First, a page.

An employee may recover “damages of fifty dollars for each work week that the
violations [of § 195(1)(a)] occurred or continue to occur,” up to a maximum of $2,500, as well as
costs and reasonable attorney’s fees. N.Y. Lab. Law § 198(1–b) (McKinney 2011).5 Polit alleges
he was never given a “completed” notice pursuant to § 195(1)(a). The February 4, 2013 Notice
and Acknowledgement bears Polit’s signature but contains almost no relevant information, such
as his pay rate, the basis of the pay rate, or the employer’s contact information. See Notice and
Acknowledgement of Rate of Pay, Ex. H (ECF No. 56-8); see also Apr. 3, 2017 Tr. at 17:14-25
Effective February 27, 2015, the penalty under NYLL § 198(1–b) increased to $50 per day up to a
maximum of $5,000, plus costs and reasonable attorney’s fees. See N.Y. Lab. Law § 198(1–b)
(“It’s missing information regarding the employer, in particular, the employer’s address and
telephone number . . . It appears to be missing the full name of the company, as well as the
doing-business-as name . . .”). Accordingly, Polit is entitled to recover statutory damages of
$2,500 for violation of § 195(1)(a).
In addition, § 195(3) of the NYLL requires employers to provide “a statement with every
payment of wages, listing the following: the dates of work covered by that payment of wages;
name of employee; name of employer; address and phone number of employer; rate or rates of
pay and basis thereof” to each employee. N.Y. Lab. Law § 195(3) (McKinney 2011). If an
employer fails to provide a compliant wage statement, the employee may recover “one hundred
dollars for each work week that the violations occurred or continue to occur,” up to a maximum
of $2,500, as well as costs and reasonable attorney’s fees. N.Y. Lab. Law § 198(1–d) (McKinney
2011).6 Global Foods did not provide Polit with wage statements until May 3, 2013 (for the pay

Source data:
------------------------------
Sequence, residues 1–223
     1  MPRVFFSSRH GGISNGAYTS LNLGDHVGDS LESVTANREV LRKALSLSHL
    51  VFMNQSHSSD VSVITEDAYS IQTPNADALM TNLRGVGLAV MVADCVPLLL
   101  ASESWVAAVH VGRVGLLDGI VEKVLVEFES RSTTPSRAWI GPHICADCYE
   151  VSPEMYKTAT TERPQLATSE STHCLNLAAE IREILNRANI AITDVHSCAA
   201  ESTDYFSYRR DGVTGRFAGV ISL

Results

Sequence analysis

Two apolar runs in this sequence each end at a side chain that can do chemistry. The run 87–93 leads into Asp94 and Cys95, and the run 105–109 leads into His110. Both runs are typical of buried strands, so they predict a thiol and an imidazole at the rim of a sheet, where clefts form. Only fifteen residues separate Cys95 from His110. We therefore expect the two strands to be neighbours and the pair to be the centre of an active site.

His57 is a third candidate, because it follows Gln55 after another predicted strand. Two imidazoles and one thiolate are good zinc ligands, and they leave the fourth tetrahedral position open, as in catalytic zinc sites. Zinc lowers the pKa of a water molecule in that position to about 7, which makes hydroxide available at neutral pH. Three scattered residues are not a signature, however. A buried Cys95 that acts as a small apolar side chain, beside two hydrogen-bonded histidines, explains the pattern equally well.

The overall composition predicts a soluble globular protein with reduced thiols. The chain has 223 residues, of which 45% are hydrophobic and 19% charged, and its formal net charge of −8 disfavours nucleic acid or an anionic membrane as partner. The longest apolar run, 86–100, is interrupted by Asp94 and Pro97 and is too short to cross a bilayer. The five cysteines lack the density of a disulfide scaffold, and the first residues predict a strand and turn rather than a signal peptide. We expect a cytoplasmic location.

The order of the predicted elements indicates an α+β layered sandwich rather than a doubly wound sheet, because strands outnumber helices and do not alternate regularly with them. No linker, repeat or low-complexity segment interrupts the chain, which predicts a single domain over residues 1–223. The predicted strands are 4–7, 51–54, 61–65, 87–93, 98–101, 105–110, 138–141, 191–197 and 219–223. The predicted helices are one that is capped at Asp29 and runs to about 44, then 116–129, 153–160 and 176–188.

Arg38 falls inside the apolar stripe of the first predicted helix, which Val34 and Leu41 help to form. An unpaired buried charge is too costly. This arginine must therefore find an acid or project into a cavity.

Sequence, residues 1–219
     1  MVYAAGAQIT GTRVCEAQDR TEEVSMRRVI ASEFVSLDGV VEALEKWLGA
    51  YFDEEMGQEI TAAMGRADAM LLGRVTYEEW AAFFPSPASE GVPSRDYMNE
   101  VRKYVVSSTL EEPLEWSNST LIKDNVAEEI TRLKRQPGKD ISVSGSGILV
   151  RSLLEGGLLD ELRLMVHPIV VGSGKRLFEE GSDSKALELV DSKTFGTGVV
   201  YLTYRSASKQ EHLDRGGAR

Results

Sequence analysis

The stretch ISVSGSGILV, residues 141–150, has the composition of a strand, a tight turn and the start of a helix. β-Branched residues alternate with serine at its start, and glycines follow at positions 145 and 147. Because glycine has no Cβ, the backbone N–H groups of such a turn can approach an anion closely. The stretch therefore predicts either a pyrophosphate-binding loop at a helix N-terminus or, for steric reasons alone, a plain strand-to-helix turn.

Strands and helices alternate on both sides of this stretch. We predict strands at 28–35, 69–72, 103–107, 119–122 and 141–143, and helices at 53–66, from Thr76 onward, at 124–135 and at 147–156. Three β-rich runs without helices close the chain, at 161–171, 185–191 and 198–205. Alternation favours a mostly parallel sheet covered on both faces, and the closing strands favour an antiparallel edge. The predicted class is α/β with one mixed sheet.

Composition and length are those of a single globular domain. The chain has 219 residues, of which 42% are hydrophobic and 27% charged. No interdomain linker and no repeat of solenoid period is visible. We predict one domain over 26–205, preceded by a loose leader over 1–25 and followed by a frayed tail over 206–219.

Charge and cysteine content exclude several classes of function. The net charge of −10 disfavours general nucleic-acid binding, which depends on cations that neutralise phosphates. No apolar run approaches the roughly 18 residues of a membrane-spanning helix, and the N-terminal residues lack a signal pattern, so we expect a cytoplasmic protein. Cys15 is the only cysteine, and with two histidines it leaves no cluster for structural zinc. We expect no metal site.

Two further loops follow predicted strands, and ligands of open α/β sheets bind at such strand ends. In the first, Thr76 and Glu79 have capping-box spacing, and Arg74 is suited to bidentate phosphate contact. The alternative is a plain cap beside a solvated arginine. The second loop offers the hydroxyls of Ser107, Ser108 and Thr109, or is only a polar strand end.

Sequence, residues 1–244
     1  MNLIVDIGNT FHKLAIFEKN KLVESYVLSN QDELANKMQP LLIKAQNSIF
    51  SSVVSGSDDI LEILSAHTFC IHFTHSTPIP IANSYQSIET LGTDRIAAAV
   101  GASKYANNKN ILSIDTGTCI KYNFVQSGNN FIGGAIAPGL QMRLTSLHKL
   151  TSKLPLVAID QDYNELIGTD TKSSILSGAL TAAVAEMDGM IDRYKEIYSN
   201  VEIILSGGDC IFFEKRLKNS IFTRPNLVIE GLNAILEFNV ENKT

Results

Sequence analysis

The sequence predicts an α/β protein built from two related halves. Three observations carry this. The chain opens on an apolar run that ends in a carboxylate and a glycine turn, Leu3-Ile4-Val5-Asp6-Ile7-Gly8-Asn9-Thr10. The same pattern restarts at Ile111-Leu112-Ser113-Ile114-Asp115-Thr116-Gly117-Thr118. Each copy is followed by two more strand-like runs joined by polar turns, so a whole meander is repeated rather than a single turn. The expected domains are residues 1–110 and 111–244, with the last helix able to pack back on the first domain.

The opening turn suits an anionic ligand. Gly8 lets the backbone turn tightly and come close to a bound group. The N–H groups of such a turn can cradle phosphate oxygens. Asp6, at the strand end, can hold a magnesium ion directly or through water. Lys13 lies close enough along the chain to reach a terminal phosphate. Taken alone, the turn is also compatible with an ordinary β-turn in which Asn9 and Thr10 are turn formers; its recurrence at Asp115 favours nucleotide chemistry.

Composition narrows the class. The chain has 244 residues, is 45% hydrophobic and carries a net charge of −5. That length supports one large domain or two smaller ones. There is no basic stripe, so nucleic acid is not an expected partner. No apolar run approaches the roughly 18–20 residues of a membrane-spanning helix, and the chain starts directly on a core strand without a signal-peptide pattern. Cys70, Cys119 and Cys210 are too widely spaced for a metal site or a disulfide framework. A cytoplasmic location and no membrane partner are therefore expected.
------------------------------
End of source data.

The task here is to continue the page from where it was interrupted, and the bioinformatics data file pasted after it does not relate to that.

period ending on April 28, 2013).
Taking January 16, 2013, as his starting date, Polit is entitled to recover statutory
damages of $1,460 (14.6 work weeks). Therefore, he is awarded $3,960 in total for wage and
hour notice violations.
E. NYLL Unlawful Retaliation Claims
Polit seeks damages for retaliation claims under Section 215 of the NYLL, claiming that
Global Foods brought its counterclaims solely to retaliate against him for commencing his civil
action. Specifically, he seeks compensatory, punitive, and liquidated damages for retaliation in
violation of Section 215, totaling $40,000.
Effective February 27, 2015, the penalty under NYLL § 198(1–d) increased to $250 per day up to a
maximum of $5,000, plus costs and reasonable attorney’s fees. N.Y. Lab. Law § 198(1–d) (McKinney
But Section 215 requires that plaintiffs bringing any lawsuit under the anti-retaliation
provision first serve notice of the suit upon the State Attorney General. See N.Y. Lab. Law
§ 215(2)(b) (“At or before the commencement of any action under this section, notice thereof
shall be served upon the attorney general by the employee.”); Robledo v. No. 9 Parfume
Leasehold, No. 12 Civ. 3579 (ALC)(DF), 2013 WL 1718917, at *7 (S.D.N.Y. Apr. 9, 2013).
Polit has not provided any evidence that the State Attorney General was served with notice of
this suit. Absent this information, Polit’s request for an award of damages for unlawful